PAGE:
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British Teenager Points Out Error in NASA Data
A 17-year-old British teenager pointed out a major error in a set of data that NASA collects from the International Space Station (ISS), the media reported. A-level student Miles Soloman from Tapton School in Sheffield, was working on the TimPix project – which lets school students in the Britain... Read more
Peer Into the Post-Apocalyptic Future of Antimicrobial Resistance
About 4 million years ago, a cave was forming in the Delaware Basin of what is now Carlsbad Caverns National Park in New Mexico. From that time on, Lechuguilla Cave remained untouched by humans or animals until its discovery in 1986—an isolated, pristine primeval ecosystem. When the bacteria found... Read more
Let’s Calculate Pi on a Raspberry Pi to Celebrate Pi Day
I love pi. No, not pie. Pi. The number. This crazy number shows up in all sorts of weird places.  If you take the square root of the gravitational field (g = 9.8 N/kg) you approximately get pi. Place a mass on a spring and let it oscillate? Yup, you... Read more
Emails Reveal Close Ties Between EPA Boss Scott Pruitt and Fossil Fuel Interests
This story originally appeared on the Guardian and is part of the Climate Desk collaboration. The close relationship between Scott Pruitt, the new administrator of the Environmental Protection Agency, and fossil fuel interests including the billionaire Koch brothers has been highlighted in more than 7,500 emails and other records released by the Oklahoma... Read more
How Life (and Death) Spring From Disorder
What’s the difference between physics and biology? Take a golf ball and a cannonball and drop them off the Tower of Pisa. The laws of physics allow you to predict their trajectories pretty much as accurately as you could wish for. Quanta Magazine About Original story reprinted with permission from... Read more
Geological Explorers Discover a Passage to Earth’s Dark Age
In August, the geologist Matt Jackson left California with his wife and 4-year-old daughter for the fjords of northwest Iceland, where they camped as he roamed the outcrops and scree slopes by day in search of little olive-green stones called olivine. Quanta Magazine About Original story reprinted with permission from... Read more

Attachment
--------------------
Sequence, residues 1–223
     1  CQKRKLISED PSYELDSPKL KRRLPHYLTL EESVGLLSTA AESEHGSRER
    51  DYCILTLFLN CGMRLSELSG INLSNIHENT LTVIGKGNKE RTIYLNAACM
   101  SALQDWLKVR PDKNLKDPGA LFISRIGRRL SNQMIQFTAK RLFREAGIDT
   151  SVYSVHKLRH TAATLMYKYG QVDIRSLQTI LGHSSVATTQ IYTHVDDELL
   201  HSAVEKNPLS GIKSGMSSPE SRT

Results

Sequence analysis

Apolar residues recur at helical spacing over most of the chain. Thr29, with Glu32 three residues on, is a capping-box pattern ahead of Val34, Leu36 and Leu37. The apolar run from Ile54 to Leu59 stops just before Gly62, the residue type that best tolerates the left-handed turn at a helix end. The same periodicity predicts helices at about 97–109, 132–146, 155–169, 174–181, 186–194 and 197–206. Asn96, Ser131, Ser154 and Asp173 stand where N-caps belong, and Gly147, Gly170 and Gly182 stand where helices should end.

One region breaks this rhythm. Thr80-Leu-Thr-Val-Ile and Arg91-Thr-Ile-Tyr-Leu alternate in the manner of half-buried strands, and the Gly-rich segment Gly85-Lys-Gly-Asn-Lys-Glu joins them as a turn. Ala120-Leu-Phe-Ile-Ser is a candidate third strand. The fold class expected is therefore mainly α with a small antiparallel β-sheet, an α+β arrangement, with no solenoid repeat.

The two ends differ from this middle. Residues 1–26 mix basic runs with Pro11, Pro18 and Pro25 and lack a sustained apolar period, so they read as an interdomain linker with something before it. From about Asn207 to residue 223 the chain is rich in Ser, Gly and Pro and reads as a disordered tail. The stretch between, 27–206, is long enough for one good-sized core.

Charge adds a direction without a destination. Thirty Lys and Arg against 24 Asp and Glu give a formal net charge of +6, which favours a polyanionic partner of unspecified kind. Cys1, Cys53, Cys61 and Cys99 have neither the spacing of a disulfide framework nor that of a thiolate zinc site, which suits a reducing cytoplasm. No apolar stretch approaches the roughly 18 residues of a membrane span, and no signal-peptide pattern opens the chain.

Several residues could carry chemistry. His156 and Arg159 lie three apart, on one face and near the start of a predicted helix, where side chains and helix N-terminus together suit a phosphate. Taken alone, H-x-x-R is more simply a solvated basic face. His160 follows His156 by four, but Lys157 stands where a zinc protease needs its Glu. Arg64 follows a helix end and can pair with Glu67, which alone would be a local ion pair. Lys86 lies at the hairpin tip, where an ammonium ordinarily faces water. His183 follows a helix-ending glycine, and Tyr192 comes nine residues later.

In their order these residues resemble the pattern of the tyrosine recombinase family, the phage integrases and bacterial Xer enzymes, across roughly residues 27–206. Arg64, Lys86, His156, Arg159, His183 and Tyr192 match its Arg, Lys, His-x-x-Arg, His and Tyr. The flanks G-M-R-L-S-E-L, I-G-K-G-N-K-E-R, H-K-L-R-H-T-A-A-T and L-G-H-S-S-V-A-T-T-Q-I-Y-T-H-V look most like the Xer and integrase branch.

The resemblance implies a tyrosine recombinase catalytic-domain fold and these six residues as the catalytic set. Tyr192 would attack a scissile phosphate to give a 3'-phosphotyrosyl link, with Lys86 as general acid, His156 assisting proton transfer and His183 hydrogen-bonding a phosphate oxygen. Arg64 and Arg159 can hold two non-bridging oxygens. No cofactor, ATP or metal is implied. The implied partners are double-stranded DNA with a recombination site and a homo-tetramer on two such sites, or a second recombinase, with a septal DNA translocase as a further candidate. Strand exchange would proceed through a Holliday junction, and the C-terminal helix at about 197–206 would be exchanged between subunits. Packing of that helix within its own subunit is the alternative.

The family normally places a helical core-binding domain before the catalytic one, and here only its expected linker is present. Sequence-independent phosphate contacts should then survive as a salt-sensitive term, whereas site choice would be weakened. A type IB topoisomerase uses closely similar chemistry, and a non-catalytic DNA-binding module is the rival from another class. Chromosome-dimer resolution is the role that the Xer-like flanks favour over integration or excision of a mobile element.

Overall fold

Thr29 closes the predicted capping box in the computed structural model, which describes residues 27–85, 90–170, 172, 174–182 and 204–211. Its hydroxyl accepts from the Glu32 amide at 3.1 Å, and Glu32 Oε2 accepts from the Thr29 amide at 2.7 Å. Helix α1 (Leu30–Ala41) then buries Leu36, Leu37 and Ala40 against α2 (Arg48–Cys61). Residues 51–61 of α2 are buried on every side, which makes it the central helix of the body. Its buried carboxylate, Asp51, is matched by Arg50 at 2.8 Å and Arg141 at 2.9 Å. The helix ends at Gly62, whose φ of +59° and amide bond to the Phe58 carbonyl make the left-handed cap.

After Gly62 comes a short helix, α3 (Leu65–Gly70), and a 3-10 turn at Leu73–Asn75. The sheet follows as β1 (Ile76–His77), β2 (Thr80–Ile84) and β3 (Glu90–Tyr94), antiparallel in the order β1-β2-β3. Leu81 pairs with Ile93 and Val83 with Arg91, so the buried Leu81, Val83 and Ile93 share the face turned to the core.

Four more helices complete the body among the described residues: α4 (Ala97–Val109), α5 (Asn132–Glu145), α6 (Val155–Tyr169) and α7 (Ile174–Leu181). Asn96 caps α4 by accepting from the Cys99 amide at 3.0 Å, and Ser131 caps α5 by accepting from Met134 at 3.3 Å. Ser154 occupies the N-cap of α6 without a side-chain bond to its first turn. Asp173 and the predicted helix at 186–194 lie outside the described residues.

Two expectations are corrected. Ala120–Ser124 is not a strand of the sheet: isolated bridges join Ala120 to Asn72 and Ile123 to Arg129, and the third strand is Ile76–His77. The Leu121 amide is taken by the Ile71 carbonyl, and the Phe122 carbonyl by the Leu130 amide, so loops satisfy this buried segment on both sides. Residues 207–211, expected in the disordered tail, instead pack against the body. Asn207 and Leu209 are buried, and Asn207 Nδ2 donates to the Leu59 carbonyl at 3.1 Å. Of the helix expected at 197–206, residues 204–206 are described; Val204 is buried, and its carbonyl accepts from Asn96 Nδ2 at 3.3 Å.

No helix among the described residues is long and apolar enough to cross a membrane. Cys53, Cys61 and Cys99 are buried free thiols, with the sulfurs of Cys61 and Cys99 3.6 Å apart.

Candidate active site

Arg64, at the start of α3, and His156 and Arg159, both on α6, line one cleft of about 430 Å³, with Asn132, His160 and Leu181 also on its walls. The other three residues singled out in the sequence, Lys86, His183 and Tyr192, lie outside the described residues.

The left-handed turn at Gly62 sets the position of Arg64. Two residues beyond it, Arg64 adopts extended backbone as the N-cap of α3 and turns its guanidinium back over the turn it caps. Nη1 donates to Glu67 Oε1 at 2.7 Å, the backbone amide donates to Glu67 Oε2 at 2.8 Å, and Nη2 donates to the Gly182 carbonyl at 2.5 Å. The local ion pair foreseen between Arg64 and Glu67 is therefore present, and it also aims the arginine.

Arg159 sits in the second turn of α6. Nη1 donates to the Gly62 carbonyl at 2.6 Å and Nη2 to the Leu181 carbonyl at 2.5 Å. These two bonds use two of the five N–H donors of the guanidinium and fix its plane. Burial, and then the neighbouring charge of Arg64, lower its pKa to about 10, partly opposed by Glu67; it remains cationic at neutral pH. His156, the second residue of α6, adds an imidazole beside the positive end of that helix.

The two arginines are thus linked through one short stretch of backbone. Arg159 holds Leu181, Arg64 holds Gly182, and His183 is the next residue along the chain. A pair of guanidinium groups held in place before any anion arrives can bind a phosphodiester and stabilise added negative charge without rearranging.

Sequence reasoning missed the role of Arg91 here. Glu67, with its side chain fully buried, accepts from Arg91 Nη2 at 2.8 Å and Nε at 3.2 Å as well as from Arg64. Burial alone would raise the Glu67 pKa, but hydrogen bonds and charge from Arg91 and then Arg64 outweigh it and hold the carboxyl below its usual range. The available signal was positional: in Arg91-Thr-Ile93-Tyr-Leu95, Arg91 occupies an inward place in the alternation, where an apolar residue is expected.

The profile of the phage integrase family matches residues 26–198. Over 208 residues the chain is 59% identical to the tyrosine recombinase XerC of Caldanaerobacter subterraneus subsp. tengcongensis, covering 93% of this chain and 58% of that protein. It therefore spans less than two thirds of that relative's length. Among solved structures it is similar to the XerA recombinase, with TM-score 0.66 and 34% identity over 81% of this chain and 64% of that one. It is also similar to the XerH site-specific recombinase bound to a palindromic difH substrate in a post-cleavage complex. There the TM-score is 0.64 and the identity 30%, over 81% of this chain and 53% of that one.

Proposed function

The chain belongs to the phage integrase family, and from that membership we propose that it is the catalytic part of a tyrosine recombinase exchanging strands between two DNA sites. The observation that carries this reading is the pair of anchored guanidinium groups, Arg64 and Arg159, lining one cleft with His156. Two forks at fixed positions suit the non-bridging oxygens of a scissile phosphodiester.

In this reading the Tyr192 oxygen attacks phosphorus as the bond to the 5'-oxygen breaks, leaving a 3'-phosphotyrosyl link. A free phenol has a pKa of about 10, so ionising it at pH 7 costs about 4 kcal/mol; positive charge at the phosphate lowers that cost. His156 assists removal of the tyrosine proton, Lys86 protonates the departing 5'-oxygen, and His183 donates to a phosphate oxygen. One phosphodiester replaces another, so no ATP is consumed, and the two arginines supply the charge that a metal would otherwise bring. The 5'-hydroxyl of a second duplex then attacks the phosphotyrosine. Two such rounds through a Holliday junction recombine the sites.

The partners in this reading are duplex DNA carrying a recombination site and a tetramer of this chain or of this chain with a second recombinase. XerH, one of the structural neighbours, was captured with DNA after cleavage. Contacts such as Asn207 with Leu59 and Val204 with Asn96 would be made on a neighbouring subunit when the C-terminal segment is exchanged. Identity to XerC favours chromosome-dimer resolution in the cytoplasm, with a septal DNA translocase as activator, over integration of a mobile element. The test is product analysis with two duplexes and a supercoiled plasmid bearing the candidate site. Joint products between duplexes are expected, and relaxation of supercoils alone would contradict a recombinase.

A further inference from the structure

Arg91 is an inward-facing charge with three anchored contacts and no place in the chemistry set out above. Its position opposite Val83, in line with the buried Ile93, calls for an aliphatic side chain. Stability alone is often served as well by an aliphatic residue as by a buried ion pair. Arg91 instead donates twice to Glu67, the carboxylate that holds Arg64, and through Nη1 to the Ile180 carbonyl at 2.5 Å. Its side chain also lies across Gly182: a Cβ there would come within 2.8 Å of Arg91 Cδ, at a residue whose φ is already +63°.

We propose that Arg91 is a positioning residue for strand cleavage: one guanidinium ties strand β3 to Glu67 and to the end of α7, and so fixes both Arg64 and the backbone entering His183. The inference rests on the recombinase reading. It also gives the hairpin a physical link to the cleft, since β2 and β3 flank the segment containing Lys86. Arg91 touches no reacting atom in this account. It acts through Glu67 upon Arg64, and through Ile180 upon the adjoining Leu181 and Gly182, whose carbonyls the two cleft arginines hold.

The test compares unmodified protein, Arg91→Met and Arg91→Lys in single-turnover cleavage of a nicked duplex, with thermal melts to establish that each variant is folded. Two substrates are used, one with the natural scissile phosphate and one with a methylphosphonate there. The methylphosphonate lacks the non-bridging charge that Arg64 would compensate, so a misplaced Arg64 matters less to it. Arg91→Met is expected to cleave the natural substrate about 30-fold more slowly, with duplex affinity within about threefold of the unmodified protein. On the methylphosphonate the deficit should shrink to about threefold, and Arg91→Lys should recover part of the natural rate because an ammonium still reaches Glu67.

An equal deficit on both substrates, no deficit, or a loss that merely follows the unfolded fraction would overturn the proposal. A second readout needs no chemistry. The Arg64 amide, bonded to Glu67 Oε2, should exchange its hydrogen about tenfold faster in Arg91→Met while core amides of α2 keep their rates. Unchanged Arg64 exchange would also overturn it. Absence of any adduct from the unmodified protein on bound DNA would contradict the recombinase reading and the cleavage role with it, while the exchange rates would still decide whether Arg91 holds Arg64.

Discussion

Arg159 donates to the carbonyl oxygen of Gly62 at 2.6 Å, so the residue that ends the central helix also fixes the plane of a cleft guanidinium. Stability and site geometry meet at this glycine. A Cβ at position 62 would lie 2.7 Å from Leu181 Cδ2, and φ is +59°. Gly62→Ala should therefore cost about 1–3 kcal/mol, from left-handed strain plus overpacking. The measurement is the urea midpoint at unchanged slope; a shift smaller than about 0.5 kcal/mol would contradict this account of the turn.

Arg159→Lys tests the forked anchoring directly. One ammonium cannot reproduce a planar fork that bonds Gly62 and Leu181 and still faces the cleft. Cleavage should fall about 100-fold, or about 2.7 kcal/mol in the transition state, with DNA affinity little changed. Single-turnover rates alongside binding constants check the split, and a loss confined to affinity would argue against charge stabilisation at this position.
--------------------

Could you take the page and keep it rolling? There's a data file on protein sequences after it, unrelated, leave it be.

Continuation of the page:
Why Women (and Men) Are Marching Today, According to Twitter Data
This weekend, potentially 200,000 people—mostly women, and many sporting pink #pussyhats—will descend on Washington, DC for the Women’s March on January 21st. What initially began as a Facebook event has morphed into a cultural moment, a juxtaposition of the previous day’s inauguration of America’s 45th president, Donald Trump. Heather... Read more
The Man Who’s Trying to Kill Dark Matter
For 80 years, scientists have puzzled over the way galaxies and other cosmic structures appear to gravitate toward something they cannot see. This hypothetical “dark matter” seems to outweigh all visible matter by a startling ratio of five to one, suggesting that we barely know our own universe. Thousands... Read more
Thanks to AI, Computers Can Now See Your Health Problems
Patient Number Two was born to first-time parents, late 20s, white. The pregnancy was normal and the birth uncomplicated. But after a few months, it became clear something was wrong. The child had ear infection after ear infection and trouble breathing at night. He was small for his age,... Read more
Bogoslof Volcano in Alaska Unexpectedly Erupts
A remote volcano in the Bering Sea sent up an impressive ash plume in an unexpected eruption. The post Bogoslof Volcano in Alaska Unexpectedly Erupts appeared first on WIRED. Source link Read more